Haunted History: The History of Devil's Bridges
Updated: Feb 28
Recently my mom sent me some beautiful images of the Rakotzbrücke Bridge in Gablenz, Germany. Which of course sent me down a rabbit hole of Devil’s Bridges. Devil’s Bridge is a term that describes many historic bridges across Europe. It’s fascinating that so many bridges exist, which have been built at different times but share some very key qualities. And most of these bridges are quite literally ancient. The first is that most of these bridges are technological or architectural achievements, or trend setters if you will. The builders used new methods to create them. The second is that these bridges have been associated with the devil or some sort of dark folklore by locals over the years. There is an obvious link between these two criteria. Because the construction of these bridges was mind-blowing, people speculated that only the devil himself could have actually built them. Or that the architect had made a pact with the devil. Of course, it doesn’t help that these bridges are often precarious or dangerous looking.
According to Wikipedia, there is actually a special categorization for Devil’s Bridge folktales, because of how many there are. In the Aarne–Thompson–Uther Index (which we talk about in our Fairy Tale series) these stories are labeled under Number 1191.
There are over 49 Devil’s Bridges in France alone. Other examples can be found in Germany, Italy, Russia, Romania, Wales and across the United Kingdom, Portugal, Spain, Switzerland and Bulgaria. Only to name a few.
Back to the bridge that started us off, the Rakotzbrücke Bridge in Germany was built specifically to cast a dramatic and symmetrical reflection on the water beneath. A photographer’s dream. It underwent some maintenance construction in order to preserve the structure in 2019, but seems to be open again to the public as of 2021. Of course, crossing the bridge is not allowed.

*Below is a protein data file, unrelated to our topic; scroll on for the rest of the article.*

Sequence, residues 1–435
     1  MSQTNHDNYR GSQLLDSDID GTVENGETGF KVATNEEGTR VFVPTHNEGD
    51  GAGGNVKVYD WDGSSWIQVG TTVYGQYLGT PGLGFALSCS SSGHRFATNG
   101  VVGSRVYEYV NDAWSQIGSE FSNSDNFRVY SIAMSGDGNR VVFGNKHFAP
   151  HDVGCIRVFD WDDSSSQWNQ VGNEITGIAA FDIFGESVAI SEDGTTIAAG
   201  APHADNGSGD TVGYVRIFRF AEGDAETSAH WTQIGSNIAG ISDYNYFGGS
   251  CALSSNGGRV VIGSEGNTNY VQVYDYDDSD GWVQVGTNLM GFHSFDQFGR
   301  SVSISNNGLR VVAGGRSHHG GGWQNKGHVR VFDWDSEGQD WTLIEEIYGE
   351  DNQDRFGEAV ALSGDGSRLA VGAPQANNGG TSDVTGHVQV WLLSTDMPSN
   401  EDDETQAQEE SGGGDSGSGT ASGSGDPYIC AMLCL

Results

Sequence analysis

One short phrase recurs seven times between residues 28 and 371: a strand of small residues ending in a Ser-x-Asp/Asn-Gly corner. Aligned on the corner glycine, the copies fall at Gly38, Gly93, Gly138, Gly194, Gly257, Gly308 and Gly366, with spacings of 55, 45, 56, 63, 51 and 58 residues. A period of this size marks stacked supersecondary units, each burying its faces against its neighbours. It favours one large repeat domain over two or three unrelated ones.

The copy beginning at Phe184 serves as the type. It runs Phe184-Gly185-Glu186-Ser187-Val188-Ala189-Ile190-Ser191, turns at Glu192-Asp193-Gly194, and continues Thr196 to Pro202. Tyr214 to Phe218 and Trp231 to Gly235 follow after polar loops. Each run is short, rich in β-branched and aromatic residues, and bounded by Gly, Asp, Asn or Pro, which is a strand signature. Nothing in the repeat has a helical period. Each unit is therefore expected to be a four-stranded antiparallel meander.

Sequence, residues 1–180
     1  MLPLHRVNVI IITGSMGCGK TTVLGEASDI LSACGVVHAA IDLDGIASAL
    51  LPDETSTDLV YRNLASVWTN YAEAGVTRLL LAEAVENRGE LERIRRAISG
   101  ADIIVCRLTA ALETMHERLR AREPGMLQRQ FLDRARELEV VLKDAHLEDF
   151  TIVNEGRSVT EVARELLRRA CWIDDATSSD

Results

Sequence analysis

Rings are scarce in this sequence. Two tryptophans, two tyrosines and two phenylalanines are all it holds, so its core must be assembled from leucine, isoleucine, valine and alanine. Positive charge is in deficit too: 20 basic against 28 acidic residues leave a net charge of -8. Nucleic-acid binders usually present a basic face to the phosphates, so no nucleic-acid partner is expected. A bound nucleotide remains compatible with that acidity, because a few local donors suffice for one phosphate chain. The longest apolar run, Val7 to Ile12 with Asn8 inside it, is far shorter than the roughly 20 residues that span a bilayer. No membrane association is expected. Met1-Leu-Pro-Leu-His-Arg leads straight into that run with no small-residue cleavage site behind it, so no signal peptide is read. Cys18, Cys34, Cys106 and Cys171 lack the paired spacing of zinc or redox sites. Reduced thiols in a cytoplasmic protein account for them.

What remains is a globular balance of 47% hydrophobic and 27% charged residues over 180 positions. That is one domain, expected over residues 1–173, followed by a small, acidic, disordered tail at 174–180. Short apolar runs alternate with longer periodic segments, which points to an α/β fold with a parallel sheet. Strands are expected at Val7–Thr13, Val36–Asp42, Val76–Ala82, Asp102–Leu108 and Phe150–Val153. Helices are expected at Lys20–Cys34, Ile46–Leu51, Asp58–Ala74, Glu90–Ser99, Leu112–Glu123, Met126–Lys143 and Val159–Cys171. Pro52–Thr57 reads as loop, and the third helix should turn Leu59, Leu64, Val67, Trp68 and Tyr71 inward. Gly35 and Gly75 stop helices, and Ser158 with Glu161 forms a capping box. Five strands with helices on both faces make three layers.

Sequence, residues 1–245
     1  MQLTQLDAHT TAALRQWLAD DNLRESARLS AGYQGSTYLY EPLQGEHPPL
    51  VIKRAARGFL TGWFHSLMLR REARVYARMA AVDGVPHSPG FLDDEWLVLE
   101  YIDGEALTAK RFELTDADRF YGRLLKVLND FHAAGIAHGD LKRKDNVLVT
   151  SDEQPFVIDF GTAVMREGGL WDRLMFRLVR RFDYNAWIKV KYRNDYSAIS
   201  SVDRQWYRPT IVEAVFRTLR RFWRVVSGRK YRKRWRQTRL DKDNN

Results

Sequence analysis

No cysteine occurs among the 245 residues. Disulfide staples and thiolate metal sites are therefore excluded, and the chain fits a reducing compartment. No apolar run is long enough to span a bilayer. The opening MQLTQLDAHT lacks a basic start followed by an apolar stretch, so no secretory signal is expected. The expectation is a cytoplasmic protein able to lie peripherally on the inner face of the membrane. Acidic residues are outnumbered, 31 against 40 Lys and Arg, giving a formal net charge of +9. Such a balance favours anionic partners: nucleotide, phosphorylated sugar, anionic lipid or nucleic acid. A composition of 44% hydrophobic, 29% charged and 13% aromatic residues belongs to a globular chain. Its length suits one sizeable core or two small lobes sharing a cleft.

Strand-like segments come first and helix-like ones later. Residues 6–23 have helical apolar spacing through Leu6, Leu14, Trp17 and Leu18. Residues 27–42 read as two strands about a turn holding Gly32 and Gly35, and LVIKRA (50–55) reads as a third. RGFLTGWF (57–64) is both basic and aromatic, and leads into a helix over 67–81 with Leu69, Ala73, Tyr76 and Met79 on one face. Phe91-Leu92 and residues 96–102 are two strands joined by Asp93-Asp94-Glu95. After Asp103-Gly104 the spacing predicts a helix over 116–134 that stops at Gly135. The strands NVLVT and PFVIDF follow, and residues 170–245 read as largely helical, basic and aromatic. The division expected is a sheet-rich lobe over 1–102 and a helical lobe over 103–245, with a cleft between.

Another stunning example is the Devil’s Bridge of Ardino, Bulgaria. This bridge was built between 1515 and 1518 and spans the Arda River. It was actually built on top of a collapsed Roman bridge. This bridge has a haunted history and lore that is still believed to this day by locals. Some believe that the devil’s footprint was captured in the structure, others believe that the architect’s wife died during the construction of the bridge and that her shadow or soul is somehow trapped inside. Locals are hesitant to cross at night because of the dark history associated with it. The Devil’s Bridge of Ardino is similar visually to the Ponte della Maddalena in Italy and the Pont Valentre in France.
But there is a special place in my heart for the Devil's Bridge on Spooky Lane, for obvious reasons. This version of a Devil’s Bridge is in the Hertfordshire Countryside in England. This bridge is dripping with haunted tales. The bridge was built over a sunken Roman road, and the walls of the road are now ivy and fog filled. Leaving a very surreal impression on those who visit. Some of the claims include sightings of ancient monks and an active witchcraft community (think Satanic Panic not Wiccan).
There are too many legends surrounding these beautiful bridges to give you a thorough idea without writing a book on them. But I hope you look into them and see if any spark your interest. I think it’s fascinating that so many similar structures have inspired almost exact folklore across continents.